How difficult is it to convert from Software Engineer to Embedded Software Engineer? Anyone here make the conversion or the other way around?

I've been a Senior Software Engineer for about 6 years and been in the industry for about 15 years.

I've worked professionally on almost every popular language and framework you can name. Every position has been full-stack developer.

A position opened up that is walking distance from my home and the environment is a nice place to work too.

The location is exactly where I would want to be and the company is a good name to have on your resume.

I'd love to apply and get the job, but I'm not sure what it takes to go from software engineer to embedded software engineer.

closed as off-topic by AndreiROM, Victor S, Seth R, IDrinkandIKnowThings, gnat Jan 4 at 20:42

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    So what's stopping you from applying? – Dan Pichelman Jan 4 at 15:49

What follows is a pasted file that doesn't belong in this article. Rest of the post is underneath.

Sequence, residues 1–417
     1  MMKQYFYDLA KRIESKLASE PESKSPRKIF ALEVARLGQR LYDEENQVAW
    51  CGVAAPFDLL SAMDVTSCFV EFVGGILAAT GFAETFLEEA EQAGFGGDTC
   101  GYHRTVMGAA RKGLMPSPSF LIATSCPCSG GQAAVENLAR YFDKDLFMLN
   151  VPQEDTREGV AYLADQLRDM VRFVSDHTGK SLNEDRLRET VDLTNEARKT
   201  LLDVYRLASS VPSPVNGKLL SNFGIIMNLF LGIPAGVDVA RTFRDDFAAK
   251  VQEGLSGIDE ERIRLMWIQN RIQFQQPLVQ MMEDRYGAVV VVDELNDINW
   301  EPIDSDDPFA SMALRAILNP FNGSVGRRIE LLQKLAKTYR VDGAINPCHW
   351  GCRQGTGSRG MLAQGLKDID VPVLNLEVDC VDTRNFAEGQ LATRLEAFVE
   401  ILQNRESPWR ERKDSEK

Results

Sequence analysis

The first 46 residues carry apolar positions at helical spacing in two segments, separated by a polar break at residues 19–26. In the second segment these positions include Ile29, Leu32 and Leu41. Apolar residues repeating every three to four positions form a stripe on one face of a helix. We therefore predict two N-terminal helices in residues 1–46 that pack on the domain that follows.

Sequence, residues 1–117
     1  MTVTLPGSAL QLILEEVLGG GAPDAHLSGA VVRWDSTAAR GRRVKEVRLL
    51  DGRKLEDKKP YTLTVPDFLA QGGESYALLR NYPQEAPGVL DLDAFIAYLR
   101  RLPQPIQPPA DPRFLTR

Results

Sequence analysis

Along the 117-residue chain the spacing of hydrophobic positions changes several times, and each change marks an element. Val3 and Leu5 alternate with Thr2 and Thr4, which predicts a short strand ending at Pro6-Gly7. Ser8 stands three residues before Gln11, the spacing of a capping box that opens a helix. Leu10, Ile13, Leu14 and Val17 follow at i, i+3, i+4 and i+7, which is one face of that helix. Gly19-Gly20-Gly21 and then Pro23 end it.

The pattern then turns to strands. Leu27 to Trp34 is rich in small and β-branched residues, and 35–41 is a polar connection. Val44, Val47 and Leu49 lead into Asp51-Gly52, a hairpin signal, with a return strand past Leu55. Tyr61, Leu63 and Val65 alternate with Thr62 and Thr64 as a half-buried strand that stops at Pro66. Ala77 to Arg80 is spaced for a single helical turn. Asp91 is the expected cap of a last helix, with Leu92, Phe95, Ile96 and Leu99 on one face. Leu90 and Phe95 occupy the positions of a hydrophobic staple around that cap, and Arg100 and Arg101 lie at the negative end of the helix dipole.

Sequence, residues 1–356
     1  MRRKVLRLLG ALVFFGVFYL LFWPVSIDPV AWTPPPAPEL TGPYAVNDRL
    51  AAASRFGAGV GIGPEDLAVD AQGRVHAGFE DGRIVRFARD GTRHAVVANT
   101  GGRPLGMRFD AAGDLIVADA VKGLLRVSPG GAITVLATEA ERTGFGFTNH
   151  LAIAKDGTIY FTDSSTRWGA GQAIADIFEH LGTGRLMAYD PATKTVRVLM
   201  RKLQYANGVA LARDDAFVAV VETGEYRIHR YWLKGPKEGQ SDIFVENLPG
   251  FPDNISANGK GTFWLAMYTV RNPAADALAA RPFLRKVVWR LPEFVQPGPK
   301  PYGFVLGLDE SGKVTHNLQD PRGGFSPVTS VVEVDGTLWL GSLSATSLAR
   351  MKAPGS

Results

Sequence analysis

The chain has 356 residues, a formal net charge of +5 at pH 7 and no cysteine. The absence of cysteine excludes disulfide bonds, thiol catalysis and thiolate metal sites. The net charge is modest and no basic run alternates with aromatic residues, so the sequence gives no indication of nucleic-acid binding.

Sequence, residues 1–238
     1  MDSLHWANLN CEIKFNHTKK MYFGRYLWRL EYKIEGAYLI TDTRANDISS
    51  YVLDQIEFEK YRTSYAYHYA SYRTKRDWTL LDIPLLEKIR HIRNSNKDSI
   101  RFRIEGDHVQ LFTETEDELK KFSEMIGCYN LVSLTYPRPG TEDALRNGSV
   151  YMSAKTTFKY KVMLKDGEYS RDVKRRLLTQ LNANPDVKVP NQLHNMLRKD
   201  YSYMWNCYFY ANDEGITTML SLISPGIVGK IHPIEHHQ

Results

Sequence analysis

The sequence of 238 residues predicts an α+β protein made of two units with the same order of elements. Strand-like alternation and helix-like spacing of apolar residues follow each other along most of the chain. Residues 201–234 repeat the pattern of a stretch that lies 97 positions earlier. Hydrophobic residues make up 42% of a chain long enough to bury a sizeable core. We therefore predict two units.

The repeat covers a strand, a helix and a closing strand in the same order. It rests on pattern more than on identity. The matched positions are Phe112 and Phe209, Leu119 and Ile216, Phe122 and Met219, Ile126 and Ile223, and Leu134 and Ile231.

• I would like to know what it takes to convert from Software Engineer to Embedded Software Engineer? Maybe someone on this site has experience being an embedded software engineer or making the jump. I know how important it is to have a career track and don't want to go from a knowledgeable full-stack developer that I've worked a decade to become only to something that can't translate over. – ConfusedDeer Jan 4 at 15:51
  • Software engineer is a pretty broad term. An embedded engineer is just a type of software engineer. Have you done any kind of embedded software development before? Do you meet the qualifications listed on the job posting? – Seth R Jan 4 at 16:07
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    @SethR No, I haven't done any embedded software development before. yes, I meet the qualifications. – ConfusedDeer Jan 4 at 16:13
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    @ConfusedDeer, if you meet the qualifications, then what is stopping you from applying? No one here can tell you if this job is right for you. The only way to figure that out is to get invited to an interview and ask questions. – Seth R Jan 4 at 16:16

I ended up on the embedded side from an EE background (which is actually a fairly common route).

What does "Full stack" mean to you? Right the way from configuring the MAC hardware and the handling the MAC buffer received ISR up?

Have you done much with writing device drivers? A lot of embedded development is that sort of style of code.